The portfolio musician model encourages working and aspiring career musicians to foster versatile and transferable skills and to engage in work across multiple contexts and roles. Studies also suggest that career musicians also work across multiple styles of music across their practices. Beyond the existence of these multi-stylistic musicians, however, little is known about their engagements, their lived experiences, or how they have fostered their diverse competencies. 

This presentation reports on findings from project examining the life-histories of 12 Australian based mid-career musicians who worked in 2 or more styles of music. Participants engaged in a series of 3 life history interviews, discussing their lived experiences in music from their earliest experiences in music through to their present careers. This project sought to uncover:

1) What kinds of situated learning experiences support competence development in multiple styles of music;
2) What factors facilitate a multi-stylistic musical career, and;

3) How multi-stylistic musicians’ life-histories inform current understandings of portfolio careers in music.
This study the value of informal learning strategies in developing skills such as learning by ear and improvisation, which facilitated agency through which participants could engage

with their stylistically diverse musical interests. Their entrepreneurial competencies, related largely to organisational and administrative practices, provided a similar agency in the commodifying their stylistically diverse creative aspirations. Established professional networks were also highly valued by participants for their utility in attaining and sustaining professional relationships, with these relationships seemingly responsible for many of participants’ long-term career engagements.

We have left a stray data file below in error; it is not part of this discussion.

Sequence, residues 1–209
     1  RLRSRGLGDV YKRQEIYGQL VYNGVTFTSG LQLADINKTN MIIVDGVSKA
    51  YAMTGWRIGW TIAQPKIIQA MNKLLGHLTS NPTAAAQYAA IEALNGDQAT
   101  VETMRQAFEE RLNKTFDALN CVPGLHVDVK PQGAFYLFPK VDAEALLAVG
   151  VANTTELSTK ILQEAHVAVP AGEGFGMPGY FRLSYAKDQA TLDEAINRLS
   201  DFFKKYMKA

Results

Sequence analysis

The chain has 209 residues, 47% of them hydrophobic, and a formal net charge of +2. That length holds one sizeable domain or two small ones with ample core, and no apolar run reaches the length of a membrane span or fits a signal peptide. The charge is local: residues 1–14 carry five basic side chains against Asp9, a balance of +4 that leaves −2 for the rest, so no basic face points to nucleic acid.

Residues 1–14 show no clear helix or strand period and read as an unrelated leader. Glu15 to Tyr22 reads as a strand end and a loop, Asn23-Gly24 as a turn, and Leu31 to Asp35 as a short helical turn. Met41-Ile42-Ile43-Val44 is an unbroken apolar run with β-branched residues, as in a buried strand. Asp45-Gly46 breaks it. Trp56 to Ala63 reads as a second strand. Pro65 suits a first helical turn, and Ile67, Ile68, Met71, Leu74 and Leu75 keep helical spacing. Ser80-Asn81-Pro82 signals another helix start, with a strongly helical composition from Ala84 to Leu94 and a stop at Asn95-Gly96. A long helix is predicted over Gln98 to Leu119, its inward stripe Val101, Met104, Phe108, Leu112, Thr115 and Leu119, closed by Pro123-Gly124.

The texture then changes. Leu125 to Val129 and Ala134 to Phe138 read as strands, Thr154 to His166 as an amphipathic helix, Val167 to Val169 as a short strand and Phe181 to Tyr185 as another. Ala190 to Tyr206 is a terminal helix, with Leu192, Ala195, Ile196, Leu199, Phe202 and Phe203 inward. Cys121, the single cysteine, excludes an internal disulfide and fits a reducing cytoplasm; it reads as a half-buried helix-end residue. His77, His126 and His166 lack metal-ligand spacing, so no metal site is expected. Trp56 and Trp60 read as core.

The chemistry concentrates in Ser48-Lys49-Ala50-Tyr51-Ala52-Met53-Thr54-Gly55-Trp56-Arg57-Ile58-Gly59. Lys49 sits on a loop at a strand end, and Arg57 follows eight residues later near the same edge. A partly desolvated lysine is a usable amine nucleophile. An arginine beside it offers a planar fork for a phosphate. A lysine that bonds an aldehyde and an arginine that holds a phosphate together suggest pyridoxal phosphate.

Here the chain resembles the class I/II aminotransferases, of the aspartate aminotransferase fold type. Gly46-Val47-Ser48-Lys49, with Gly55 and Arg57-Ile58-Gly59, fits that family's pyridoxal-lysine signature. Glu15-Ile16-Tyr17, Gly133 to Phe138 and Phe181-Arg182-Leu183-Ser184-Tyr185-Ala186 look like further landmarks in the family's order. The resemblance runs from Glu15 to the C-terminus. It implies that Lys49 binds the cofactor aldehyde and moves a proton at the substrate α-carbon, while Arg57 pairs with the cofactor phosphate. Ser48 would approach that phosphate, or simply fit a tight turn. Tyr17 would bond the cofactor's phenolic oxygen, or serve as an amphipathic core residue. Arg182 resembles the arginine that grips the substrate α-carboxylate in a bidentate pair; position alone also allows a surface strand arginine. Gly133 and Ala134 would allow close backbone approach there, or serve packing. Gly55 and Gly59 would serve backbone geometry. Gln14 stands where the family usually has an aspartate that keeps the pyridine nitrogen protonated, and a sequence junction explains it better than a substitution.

At the core of many participants’ multi-stylistic practices was an identity built on the explicit desire to engage with multiple musical styles of their own choosing. Multi-stylistic engagement was an integral aspect of their creative satisfaction, many seeking to engage in some styles for little to no remuneration.  Further examination of multi-stylistic developmental
practices will be required if deeper understanding of multi-stylism is to be achieved.

Mr Hayden Mitt is the student convener of the ISME Student Chapter and HDR candidate at The University of Queensland School of Music. As a performer across popular and jazz music in Melbourne, Australia, his current research interests and forthcoming projects examine the practices, identities, and development of professional musicians and other creative industry workers. His current projects examine the nature of ‘multi-stylistic’ musicianship and the role of informal learning in the facilitation of professional and creative agency in musicianship.


About 2022 Research Seminar Series

Research seminars are presented by current staff, higher degree by research candidates and visiting academics. 

The seminar series showcases the work of our higher degree by research candidates and provides valuable professional development opportunities for undergraduate and coursework students who are interested in research. Visiting scholars are regularly invited to address staff and students, and the seminars are open to the public. Please register by following the link in the session below that you wish to attend.


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The University of Queensland
St Lucia QLD 4072 Australia
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